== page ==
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Supreme Court Grants Cert on Police Authority to Take a DNA Sample of an Arrestee; Ex Post Facto Challenge to Retroactive Application of the Sentencing Guidelines

On November 9, the Supreme Court granted certiorari in two criminal cases, Maryland v. King (No. 12-207), and Peugh v. United States (No. 12-62).  In King, the Court will decide "whether it violates the Fourth Amendment rights of an individual who is arrested and charged with a serious crime, but not convicted, for police to take an involuntary DNA sample. "  Peugh raises an Ex Post Facto challenge to a trial court's imposition of a criminal sentence based on federal sentencing guidelines in effect at the time of sentencing, where the criminal sentence imposed is longer than the guidelines had specified at the time the crime was committed.

The grant in King comes after Chief Justice Roberts had earlier blocked the ruling of the Maryland Court of Appeals finding a Fourth Amendment violation when police took a DNA sample of an individual who had not yet been convicted of a crime.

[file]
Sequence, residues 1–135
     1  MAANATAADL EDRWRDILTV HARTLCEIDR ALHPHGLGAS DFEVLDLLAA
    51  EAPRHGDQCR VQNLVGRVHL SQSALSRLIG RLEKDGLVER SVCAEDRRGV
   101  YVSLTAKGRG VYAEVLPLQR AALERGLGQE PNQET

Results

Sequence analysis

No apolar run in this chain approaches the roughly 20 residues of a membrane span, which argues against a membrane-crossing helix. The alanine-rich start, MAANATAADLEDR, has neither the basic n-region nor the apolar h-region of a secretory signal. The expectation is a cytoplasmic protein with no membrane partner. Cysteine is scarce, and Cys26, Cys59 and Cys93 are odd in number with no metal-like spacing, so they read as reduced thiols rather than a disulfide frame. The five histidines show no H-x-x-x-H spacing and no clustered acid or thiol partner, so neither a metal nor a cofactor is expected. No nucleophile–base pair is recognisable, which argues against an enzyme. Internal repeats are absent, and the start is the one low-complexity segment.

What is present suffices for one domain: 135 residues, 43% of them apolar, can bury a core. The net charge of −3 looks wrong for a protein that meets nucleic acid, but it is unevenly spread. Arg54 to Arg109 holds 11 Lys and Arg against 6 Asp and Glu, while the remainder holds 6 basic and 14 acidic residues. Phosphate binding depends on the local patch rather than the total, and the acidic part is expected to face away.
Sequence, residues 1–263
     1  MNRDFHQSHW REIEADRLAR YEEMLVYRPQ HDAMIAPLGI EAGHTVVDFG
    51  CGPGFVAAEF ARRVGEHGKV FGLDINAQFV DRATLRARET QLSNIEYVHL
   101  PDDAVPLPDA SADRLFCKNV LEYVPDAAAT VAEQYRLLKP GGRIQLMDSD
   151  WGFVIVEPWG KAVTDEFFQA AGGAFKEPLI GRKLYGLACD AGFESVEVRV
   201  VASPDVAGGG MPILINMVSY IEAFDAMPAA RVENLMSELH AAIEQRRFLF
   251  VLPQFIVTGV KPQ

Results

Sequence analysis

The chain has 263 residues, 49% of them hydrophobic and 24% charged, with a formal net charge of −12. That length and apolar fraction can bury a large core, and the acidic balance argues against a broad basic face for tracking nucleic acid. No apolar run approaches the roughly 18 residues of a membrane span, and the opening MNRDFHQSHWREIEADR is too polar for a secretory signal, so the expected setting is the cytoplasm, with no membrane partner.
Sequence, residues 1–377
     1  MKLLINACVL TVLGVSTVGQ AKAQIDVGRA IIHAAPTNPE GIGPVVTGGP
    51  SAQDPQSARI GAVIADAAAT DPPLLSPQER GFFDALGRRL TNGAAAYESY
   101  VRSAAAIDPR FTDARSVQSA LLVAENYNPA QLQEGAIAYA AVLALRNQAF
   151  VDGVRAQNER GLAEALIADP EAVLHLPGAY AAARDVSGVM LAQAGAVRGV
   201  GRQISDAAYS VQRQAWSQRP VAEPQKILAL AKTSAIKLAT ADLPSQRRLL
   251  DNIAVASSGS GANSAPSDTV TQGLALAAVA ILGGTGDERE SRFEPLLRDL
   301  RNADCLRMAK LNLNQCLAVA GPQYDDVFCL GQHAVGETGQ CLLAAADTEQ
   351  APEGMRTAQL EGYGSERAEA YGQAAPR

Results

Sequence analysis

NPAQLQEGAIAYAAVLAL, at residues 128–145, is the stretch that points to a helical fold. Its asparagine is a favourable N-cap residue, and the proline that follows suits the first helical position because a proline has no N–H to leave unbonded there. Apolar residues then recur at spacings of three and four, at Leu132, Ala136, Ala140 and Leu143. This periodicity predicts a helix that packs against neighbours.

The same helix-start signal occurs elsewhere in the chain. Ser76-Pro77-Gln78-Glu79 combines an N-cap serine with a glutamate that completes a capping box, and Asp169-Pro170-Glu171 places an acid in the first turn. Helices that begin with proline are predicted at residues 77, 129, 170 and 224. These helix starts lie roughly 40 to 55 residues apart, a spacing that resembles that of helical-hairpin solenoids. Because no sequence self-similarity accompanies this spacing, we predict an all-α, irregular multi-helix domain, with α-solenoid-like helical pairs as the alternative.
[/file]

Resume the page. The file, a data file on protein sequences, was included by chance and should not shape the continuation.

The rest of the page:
In Peugh, the case arises from a Circuit split in which, as stated in the cert petition, "Eight courts of appeals have held that the Ex Post Facto Clause is violated where retroactive application of the Sentencing Guidelines creates a significant risk of a higher sentence.  In the decision below, however, the Seventh Circuit has held that the Ex Post Facto Clause is never violated by retroactive application of the Sentencing Guidelines because the Guidelines are advisory, not mandatory."     
 
 

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